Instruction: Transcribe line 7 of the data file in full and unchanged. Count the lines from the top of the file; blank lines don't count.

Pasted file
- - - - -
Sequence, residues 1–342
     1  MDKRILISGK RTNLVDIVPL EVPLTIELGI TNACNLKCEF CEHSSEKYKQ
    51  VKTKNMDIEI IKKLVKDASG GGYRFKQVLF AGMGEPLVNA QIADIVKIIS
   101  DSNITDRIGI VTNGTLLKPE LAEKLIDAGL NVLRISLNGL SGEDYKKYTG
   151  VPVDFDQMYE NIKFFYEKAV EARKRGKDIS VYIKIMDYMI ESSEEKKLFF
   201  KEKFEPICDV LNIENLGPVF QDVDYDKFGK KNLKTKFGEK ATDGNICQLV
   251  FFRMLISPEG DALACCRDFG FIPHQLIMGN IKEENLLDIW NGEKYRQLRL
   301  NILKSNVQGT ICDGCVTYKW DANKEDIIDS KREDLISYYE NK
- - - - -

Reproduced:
   251  FFRMLISPEG DALACCRDFG FIPHQLIMGN IKEENLLDIW NGEKYRQLRL